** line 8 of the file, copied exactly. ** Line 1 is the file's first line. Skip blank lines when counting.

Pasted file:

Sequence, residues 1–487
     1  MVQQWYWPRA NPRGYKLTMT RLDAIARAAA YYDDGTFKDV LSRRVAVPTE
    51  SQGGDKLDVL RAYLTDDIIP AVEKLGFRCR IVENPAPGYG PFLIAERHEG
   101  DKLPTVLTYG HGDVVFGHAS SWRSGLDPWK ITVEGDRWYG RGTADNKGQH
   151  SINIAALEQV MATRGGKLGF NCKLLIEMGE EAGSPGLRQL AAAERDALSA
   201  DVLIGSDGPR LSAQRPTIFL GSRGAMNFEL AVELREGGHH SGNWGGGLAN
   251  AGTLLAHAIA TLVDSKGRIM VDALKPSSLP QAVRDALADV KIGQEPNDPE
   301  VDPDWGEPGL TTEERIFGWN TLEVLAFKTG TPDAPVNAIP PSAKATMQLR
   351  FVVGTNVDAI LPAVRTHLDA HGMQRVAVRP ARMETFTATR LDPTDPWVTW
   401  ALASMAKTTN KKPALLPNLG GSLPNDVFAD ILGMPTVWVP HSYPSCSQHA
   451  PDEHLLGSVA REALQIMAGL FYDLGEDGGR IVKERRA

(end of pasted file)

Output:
   301  VDPDWGEPGL TTEERIFGWN TLEVLAFKTG TPDAPVNAIP PSAKATMQLR